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. Last Updated: 07/27/2016

A Divided EU Between South And North

It is going to be fashionable in 1996 to talk of southern Europe as "a zone of crisis," an area stretching from Spain to Turkey where just about everything that could go wrong seems to be going very wrong indeed.


Consider the facts. Spain's Socialist Prime Minister, Felipe Gonzalez, has been forced to call early elections for March because of a string of shameful financial and security service scandals that have discredited his government. Nothing so damaging to Spain's stability and international image has happened since the attempted military coup of 1981.


In Italy, the chaos that has typified the political scene for the last four years is worse than ever. Prime Minister Lamberto Dini tried to resign last week but was told by President Oscar Luigi Scalfaro to stay in office. Nobody seems sure whether new elections would help matters or just add to the confusion. Meanwhile, Dini's predecessor, right-wing business tycoon Silvio Berlusconi, is due to stand trial Jan. 17 on charges of tax bribery.


One of the strangest parts of southern Europe at the moment is Greece, where Socialist Prime Minister Andreas Papandreou has been clinging on to life and political power in a hospital for the last six weeks. The normal processes of government have all but ground to a halt, while the anti-Papandreou press in Athens has occupied itself with the publication of nude pictures of the prime minister's wife.


The Dec. 24 elections in Turkey produced a stunning victory for the pro-Islamist Welfare Party, a movement that is ostensibly committed to reversing 60 years of progressive secularism in Turkey. This does not imply that militant Iranian-style Islam is about to conquer Turkey, but it does mean that a new political force has arrived on stage and the traditional secular establishment is going to have to rethink its lines to accommodate it.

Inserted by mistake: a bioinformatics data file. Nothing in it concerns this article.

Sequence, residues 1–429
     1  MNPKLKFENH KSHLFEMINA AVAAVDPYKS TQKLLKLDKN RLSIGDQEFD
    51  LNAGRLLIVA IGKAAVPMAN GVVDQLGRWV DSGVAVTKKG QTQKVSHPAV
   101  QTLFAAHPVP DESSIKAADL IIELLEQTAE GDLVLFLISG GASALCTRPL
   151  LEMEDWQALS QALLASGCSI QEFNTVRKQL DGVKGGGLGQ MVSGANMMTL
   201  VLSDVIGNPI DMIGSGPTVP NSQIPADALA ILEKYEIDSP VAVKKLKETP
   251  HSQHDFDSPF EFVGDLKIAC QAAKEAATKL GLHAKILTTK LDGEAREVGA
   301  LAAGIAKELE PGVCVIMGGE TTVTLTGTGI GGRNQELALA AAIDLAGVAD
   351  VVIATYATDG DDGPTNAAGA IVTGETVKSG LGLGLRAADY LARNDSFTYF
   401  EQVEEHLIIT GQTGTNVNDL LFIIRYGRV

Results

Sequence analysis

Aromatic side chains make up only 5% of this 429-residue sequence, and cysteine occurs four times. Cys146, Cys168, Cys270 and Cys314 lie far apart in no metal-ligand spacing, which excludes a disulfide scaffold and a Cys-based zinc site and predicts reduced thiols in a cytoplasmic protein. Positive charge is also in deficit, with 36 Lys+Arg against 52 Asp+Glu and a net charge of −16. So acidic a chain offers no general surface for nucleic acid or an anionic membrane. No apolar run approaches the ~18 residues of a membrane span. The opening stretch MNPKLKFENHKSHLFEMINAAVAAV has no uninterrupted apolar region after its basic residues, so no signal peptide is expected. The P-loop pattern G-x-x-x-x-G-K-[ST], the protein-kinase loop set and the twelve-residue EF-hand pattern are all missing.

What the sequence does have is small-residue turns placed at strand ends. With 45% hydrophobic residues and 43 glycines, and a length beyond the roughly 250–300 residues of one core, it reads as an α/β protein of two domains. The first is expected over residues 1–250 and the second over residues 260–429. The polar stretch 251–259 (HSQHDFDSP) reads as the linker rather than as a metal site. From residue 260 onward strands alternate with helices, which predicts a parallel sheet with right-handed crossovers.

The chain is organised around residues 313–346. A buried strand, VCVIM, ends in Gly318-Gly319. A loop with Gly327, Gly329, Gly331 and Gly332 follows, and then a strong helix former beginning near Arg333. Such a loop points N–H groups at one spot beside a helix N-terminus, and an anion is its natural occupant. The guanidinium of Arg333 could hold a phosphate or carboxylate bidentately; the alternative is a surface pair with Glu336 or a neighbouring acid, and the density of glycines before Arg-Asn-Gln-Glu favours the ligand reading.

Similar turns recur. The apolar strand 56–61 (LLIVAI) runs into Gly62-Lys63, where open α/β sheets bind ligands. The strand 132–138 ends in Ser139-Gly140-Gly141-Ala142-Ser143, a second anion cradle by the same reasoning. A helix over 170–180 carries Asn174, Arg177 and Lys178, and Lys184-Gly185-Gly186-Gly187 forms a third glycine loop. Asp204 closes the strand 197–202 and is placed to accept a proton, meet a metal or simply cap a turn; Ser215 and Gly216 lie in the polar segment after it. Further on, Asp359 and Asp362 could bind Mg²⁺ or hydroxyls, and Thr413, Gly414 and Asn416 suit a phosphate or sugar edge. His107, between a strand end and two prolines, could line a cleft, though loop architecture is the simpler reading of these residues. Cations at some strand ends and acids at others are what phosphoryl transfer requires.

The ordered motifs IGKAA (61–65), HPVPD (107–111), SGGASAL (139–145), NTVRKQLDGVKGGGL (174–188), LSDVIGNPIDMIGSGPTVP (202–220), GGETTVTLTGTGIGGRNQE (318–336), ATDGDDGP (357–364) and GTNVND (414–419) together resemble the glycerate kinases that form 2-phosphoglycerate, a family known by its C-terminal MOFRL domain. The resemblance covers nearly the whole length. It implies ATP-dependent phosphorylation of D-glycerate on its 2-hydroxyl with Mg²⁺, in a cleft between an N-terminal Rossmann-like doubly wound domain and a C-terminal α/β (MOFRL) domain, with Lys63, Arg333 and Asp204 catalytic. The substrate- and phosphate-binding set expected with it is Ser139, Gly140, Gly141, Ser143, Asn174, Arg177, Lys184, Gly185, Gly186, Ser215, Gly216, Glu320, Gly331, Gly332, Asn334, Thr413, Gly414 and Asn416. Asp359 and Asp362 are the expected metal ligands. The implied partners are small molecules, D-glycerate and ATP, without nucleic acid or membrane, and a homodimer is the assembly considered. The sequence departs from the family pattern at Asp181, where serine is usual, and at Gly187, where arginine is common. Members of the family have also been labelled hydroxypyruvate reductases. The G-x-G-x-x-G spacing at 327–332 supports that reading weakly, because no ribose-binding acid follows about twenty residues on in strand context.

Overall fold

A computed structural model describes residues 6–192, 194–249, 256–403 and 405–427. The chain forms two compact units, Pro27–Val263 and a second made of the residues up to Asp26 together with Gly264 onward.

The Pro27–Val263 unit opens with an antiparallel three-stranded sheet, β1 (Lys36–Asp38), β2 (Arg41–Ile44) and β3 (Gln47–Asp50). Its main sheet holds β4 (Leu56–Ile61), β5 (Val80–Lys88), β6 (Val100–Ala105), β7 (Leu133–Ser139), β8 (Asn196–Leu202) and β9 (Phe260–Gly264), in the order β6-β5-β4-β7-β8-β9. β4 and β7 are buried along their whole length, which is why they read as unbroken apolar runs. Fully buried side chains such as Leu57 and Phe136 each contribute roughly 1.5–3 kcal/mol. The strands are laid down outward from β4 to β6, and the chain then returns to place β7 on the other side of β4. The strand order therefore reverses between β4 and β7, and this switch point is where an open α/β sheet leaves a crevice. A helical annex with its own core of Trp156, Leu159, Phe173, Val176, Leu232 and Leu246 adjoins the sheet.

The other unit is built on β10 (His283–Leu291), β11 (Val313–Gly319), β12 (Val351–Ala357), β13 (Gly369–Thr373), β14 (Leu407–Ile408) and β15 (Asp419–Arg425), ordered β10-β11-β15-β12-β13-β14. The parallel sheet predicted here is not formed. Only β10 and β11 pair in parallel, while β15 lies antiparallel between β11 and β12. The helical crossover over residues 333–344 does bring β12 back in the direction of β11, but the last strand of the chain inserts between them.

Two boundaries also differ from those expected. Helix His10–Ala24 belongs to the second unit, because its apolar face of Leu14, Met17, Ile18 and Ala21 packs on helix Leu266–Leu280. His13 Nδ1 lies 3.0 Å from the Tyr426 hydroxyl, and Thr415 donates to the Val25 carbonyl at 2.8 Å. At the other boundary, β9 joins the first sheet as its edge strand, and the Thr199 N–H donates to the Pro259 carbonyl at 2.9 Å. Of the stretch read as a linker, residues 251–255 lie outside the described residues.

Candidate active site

Southern European countries that are members of the European Union face one challenge in common. It seems pretty unlikely that Portugal, Spain, Italy and Greece will be able to meet the Maastricht Treaty's conditions for participating in a single European currency by 1999. That raises the prospect that these countries will be relegated to a kind of EU second division, while prosperous northern states such as Germany and the Netherlands go off on their own.


Looming in the background is the threat of massive instability in northern Africa, everywhere from Algeria to Egypt. Disillusioned electorates in southern Europe are finding more and more to complain about in the form of illegal immigration and Islamic radicalism that bring political violence and random crime onto their streets.


What we have here is the emergence of a long-term trend in which the big dividing line in Europe is not one between east and west but between north and south. Already former Communist countries such as the Czech Republic, Hungary and Slovenia are gravitating to the northern camp, leaving behind Romania, Bulgaria, Albania and most former Yugoslav republics to wallow in the unstable south.


Publicly, of course, no government minister in a northern European state is willing to admit that such a continental split is taking shape. Privately, however, officials from Germany, France and the Benelux countries are already planning for a two-tier Europe -- believing, of course, that this is in the best interests of Europe as a whole.


Will it work? Maybe, maybe not. All I say, is, 1996 will be a year for watching southern Europe.